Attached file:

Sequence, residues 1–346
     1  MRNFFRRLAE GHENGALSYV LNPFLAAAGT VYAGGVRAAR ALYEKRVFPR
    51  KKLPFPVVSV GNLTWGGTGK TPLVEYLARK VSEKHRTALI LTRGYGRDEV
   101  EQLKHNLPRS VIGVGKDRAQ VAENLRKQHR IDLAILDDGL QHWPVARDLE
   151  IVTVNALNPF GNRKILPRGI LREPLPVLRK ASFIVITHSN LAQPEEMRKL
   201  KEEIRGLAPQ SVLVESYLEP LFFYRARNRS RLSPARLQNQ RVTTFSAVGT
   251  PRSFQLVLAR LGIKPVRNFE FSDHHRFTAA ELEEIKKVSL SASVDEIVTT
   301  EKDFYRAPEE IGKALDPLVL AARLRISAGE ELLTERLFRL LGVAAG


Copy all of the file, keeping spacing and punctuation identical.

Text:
Sequence, residues 1–346
     1  MRNFFRRLAE GHENGALSYV LNPFLAAAGT VYAGGVRAAR ALYEKRVFPR
    51  KKLPFPVVSV GNLTWGGTGK TPLVEYLARK VSEKHRTALI LTRGYGRDEV
   101  EQLKHNLPRS VIGVGKDRAQ VAENLRKQHR IDLAILDDGL QHWPVARDLE
   151  IVTVNALNPF GNRKILPRGI LREPLPVLRK ASFIVITHSN LAQPEEMRKL
   201  KEEIRGLAPQ SVLVESYLEP LFFYRARNRS RLSPARLQNQ RVTTFSAVGT
   251  PRSFQLVLAR LGIKPVRNFE FSDHHRFTAA ELEEIKKVSL SASVDEIVTT
   301  EKDFYRAPEE IGKALDPLVL AARLRISAGE ELLTERLFRL LGVAAG